On the flip side, smaller tournaments with less lucrative prize pools will naturally result in smaller earnings for the caddy, even if their golfer performs well.

How a Golfer's Performance Can Affect a Caddy's Income

The golfer's performance is perhaps the most significant factor influencing a caddy's income.

Remember, part of a caddy's earnings come from a percentage of what the golfer wins.

If the golfer has a bad day (or week), the caddy's income takes a hit.

If the golfer has a great tournament and lands in the money, then it's payday for the caddy as well.

This relationship creates a vested interest for the caddy in their golfer's success.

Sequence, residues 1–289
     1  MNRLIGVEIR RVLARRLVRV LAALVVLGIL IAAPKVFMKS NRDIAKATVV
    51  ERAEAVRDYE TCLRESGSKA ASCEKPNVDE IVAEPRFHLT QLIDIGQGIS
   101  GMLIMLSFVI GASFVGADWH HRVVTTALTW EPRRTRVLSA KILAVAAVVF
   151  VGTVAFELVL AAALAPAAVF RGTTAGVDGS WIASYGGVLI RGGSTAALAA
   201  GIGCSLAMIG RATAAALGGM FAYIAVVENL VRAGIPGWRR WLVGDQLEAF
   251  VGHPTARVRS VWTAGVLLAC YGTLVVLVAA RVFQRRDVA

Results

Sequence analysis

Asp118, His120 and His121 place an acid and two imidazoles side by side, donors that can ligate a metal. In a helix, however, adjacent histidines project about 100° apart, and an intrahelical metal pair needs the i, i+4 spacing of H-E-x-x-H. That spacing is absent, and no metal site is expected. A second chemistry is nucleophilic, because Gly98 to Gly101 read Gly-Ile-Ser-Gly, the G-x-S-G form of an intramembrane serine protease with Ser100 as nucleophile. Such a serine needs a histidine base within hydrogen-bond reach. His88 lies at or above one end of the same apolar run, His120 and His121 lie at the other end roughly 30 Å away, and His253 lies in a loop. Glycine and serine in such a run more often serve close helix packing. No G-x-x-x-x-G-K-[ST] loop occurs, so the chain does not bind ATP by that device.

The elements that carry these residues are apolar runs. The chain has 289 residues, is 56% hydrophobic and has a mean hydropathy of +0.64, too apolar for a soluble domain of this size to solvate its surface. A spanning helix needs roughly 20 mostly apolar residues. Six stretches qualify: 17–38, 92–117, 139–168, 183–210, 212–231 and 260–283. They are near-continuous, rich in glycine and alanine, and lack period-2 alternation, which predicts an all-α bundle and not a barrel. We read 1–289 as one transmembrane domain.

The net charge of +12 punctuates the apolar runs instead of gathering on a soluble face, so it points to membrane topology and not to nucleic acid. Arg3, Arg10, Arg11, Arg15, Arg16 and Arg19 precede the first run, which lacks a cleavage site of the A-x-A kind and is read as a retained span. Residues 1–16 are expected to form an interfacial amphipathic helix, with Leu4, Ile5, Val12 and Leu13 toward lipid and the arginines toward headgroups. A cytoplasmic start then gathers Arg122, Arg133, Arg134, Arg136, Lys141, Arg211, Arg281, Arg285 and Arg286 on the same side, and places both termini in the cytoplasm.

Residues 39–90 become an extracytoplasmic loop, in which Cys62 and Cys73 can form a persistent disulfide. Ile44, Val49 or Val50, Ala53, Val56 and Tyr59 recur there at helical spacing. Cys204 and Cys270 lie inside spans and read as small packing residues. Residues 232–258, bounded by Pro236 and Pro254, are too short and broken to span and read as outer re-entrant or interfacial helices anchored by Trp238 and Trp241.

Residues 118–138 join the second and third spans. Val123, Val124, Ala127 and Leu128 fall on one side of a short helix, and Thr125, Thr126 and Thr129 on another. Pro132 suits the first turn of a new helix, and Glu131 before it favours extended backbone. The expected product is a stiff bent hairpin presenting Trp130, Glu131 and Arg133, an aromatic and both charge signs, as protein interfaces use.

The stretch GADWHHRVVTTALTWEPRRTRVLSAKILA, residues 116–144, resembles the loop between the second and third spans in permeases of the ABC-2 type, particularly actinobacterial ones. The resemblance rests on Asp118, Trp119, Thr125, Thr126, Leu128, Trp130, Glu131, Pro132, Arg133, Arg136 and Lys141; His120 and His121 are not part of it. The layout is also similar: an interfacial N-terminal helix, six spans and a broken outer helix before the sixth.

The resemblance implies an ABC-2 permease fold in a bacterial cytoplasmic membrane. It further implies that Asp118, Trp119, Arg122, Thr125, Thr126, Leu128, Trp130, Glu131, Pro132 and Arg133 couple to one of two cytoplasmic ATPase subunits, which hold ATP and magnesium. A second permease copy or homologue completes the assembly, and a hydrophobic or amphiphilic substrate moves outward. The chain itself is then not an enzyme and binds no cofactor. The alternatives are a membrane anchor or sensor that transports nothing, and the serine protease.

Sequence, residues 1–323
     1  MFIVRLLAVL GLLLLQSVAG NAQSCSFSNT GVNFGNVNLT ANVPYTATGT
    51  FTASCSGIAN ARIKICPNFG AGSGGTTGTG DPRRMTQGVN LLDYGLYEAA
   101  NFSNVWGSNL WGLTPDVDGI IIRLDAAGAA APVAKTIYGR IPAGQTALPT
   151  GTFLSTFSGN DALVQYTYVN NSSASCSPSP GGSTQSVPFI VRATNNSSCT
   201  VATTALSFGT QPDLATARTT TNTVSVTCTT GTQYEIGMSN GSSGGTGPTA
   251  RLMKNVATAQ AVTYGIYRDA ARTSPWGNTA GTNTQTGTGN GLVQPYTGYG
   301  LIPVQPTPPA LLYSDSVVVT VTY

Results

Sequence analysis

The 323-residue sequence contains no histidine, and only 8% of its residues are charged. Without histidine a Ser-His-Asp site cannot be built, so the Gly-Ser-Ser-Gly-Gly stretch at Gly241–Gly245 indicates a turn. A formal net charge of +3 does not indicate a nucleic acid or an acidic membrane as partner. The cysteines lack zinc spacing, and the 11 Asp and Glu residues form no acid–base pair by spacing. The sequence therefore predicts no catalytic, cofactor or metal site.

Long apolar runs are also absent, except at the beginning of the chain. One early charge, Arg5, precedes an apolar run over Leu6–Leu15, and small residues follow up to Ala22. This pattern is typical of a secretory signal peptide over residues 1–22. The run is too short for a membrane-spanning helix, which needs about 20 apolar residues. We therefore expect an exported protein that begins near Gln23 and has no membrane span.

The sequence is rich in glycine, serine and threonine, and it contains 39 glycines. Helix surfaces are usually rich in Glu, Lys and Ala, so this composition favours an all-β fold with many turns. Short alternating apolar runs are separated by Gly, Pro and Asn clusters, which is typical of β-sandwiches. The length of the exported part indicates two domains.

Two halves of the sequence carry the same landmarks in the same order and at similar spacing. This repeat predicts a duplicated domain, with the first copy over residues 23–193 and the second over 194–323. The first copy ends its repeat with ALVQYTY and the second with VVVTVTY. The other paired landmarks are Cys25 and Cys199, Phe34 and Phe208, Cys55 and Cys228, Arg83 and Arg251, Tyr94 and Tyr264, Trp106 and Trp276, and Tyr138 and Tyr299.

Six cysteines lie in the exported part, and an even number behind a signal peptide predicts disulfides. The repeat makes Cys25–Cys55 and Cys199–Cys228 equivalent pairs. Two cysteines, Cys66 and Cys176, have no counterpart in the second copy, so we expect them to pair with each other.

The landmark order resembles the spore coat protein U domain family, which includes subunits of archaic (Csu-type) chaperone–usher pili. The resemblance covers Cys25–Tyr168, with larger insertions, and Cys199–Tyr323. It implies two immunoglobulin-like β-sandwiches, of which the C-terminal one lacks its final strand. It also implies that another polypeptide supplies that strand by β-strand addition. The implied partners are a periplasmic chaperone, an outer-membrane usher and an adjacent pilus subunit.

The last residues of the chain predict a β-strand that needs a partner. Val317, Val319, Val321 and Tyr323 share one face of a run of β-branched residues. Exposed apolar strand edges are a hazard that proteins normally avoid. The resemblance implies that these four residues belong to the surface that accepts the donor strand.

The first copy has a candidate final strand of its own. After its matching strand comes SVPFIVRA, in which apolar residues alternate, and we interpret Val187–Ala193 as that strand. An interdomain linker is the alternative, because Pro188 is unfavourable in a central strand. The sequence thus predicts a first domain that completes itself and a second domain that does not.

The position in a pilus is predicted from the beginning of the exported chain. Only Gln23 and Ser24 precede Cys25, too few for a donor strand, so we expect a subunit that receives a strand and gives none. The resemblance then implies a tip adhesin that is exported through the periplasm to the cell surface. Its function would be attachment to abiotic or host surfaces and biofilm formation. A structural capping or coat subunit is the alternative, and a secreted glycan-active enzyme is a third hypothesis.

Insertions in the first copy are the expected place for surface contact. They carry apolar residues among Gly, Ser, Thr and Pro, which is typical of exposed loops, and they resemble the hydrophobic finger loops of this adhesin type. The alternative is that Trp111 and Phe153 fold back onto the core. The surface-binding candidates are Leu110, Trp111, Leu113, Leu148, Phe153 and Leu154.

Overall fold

The Value of Advice and Information a Caddy Can Provide

A caddy isn't just a bag carrier; they're a golfer's right-hand man or woman.

Their knowledge about the course, weather conditions, and even the golfer's habits can significantly influence a game.

The better their advice, the better the golfer's performance, and the better the paycheck.

Being a top-notch caddy requires a deep understanding of the game, and those who can provide valuable insight can command higher earnings.

The Benefits of Maintaining Relationships with Several Professional Golfers

Having a diversified portfolio is a good strategy, and not just for investors.

Caddies who cultivate relationships with multiple professional golfers often have higher incomes.

Working with more than one golfer can provide income stability, as the chances are lower that all their golfers will perform poorly at the same time.